Analytical, numerical, and experimental modeling methods are presented to predict deformation after the cure process of thin unsymmetric laminates for piezoelectric actuation. During fabrication, laminates deform to several post-cure room temperature shapes. Thin cross-ply laminates deform to a circular cylindrical post-cure shape while thicker laminates deform to a saddle shape. Post-cure shapes are dependent on ply orientation, thickness, and material properties. Because, CLT alone does not always predict the correct post-cure room temperature shape of the thin composite laminates, an extension of CLT with the Rayleigh-Ritz technique and potential energies are used to better predict these shapes. Finite element models are used to predict the post-cure room temperature shapes. Thin composite laminates are modeled coupling heat transfer and structural mechanics, which are necessary for modeling the cure process. Modeling the fabrication process captured important data such as residual stresses from the cure process, room temperature shapes, and bi-stability of the composite laminates. To validate these analytical and numerical results, experiments were con- ducted using macro-fiber composite (MFC) patches for morphing the laminates. The experimental piezoelectric morph- ing results relate well to analytical and numerical results.

Metabolic adaptation of skeletal muscle to high altitude hypoxia: how new technologies could resolve the controversies
Andrew J Murray
Genome Medicine , 2009, DOI: 10.1186/gm117
Abstract: In oxidative tissues of the body, production of cellular energy, in the form of adenosine triphosphate (ATP), occurs primarily via the process of oxidative phosphorylation at the inner mitochondrial membrane. In order to sustain normal cellular function, therefore, the mitochondria require a constant supply of fuels and oxygen (Figure 1). In diseases where oxygen delivery to the peripheral tissues is impaired, through hypoxemia (for example, chronic obstructive pulmonary disease (COPD), cystic fibrosis), decreased oxygen carriage capacity (for example, anaemia), or decreased convective transport (for example, shock, heart failure), or in healthy individuals at altitude, a process of adaptation must occur to maintain cellular energy homeostasis. A compromise in cellular energetics can lead to more rapid fatigue in exercising skeletal muscle, since both crossbridge cycling at the sarcomere during contraction and calcium reuptake to the sarcoplasmic reticulum during relaxation are heavily dependent on ATP hydrolysis. Moreover, in cardiac muscle, energetic impairment has been associated with the pathogenesis of hypertrophic cardiomyopathy and sudden cardiac death [1].The study of how healthy human subjects acclimatize to high altitude is a useful model in which to investigate hypoxic adaptation in the absence of the many confounding factors associated with hypoxic disease states and therapeutic interventions [2]. Indeed, many common features have been noted between COPD in particular and altitude exposure, including similar patterns of muscle wasting, weight loss, and altered cellular metabolism [3,4]. Individual variability in the process of hypoxic adaptation and performance has been identified in healthy individuals at altitude [5], and similar mechanisms may therefore underlie the observed variations in disease progression and outcome in patients where cellular hypoxia is an important feature, in particular severe respiratory and cardiac disease and critical illness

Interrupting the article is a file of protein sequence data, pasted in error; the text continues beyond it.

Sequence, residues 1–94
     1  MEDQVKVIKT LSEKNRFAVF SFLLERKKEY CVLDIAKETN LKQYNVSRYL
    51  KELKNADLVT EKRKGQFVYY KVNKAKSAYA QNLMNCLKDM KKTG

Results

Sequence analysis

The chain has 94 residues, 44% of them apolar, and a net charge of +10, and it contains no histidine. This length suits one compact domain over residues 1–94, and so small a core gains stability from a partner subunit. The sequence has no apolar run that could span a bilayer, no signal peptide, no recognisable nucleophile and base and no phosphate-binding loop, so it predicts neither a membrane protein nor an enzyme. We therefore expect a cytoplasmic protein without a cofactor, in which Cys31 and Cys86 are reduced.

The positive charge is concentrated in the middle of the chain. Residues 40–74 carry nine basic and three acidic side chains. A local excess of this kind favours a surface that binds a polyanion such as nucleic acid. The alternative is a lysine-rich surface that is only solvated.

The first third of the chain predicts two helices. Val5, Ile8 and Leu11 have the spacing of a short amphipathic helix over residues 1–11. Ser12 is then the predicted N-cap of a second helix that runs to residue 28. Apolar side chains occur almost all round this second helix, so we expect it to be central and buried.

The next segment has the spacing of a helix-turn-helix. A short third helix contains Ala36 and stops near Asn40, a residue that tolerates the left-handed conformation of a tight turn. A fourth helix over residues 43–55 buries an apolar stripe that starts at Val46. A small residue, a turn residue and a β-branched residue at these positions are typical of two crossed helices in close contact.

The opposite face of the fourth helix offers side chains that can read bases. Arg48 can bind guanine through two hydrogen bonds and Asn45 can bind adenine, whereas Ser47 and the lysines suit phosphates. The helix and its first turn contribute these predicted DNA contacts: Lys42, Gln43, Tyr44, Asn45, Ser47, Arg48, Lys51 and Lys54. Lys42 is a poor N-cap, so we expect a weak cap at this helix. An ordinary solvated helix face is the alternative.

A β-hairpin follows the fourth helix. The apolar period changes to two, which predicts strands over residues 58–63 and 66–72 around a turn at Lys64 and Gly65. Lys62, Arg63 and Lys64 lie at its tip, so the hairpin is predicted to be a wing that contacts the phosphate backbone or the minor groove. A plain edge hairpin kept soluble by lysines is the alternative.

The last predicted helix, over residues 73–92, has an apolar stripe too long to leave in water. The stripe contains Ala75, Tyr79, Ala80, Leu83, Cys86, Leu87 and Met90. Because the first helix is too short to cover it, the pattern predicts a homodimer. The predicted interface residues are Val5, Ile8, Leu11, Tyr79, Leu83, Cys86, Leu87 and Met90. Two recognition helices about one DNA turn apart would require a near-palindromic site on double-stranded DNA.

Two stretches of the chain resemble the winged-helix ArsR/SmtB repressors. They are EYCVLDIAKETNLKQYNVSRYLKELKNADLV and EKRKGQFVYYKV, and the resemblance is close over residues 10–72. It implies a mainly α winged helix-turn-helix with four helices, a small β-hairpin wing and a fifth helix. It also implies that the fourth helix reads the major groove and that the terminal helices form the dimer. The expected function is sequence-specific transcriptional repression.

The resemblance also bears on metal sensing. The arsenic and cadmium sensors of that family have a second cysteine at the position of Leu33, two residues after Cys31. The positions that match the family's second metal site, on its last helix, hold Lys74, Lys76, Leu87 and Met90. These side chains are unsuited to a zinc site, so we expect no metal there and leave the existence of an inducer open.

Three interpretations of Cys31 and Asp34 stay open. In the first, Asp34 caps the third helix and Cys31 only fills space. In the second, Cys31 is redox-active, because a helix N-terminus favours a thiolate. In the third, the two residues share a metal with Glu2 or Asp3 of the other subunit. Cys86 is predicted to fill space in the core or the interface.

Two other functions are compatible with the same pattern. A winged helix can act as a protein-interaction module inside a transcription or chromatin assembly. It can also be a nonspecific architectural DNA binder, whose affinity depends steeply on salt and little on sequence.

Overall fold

Care and the self: biotechnology, reproduction, and the good life
Stuart J Murray
Philosophy, Ethics, and Humanities in Medicine , 2007, DOI: 10.1186/1747-5341-2-6
Abstract: I argue for a different approach to bioethics, and work towards a new way to conceive of ethical relations in healthcare – one that does not presume a sovereign subject as the basis of dignity, personhood or democracy. Instead, I am critical of the narrow instantiations of reason, autonomy, and freedom, which, more recently, have been co-opted by a troubling neo-liberal politics of the self. Thus, I am critical of current trends in medical ethics, often running in tandem with corporate-governmental models of efficiency, accountability, and so-called evidence-based best practices. As an example of such market-driven conceptions of subjectivity, I discuss the paradigm of "self-care." Self-care shores up the traditional view of the self as a free agent. In this sense, self-care is looked upon favourably by mainstream bioethics in its focus on autonomy, while healthcare policy endorses this model for ideological and economic reasons. To contrast this, I propose a different model of care together with a different model of selfhood. Here I develop and apply Foucault's late work on the "care of the self." In this understanding of "care," I suggest that we might work towards an ethical self that is more commensurable both with recent theoretical views on subjectivity and – more pressingly – with the challenges of emergent biotechnologies. I end this paper with a discussion on ethical parenthood, which offers a practical reading of the "care of the self" in relation to new reproductive technologies (NRTs)."The unexamined life is not worth living" [1].While this essay focuses specifically on our changing sense of self in relation to recent advances in biomedical technologies, in the background looms a larger, more philosophical, question concerning life – bios: What lives are worth living, what lives worth preserving and reproducing? Today, in a culture saturated by medical discourses of all kinds, it is difficult to read Plato's remark on the value of the "unexamined life" a
Psychoanalysis, Symbolization, and McLuhan: Reading Conrad's "Heart of Darkness"
Stuart J. Murray
MediaTropes , 2008,
Abstract:
Editorial Introduction: "Media Tropes"
Stuart J. Murray
MediaTropes , 2011,
Abstract: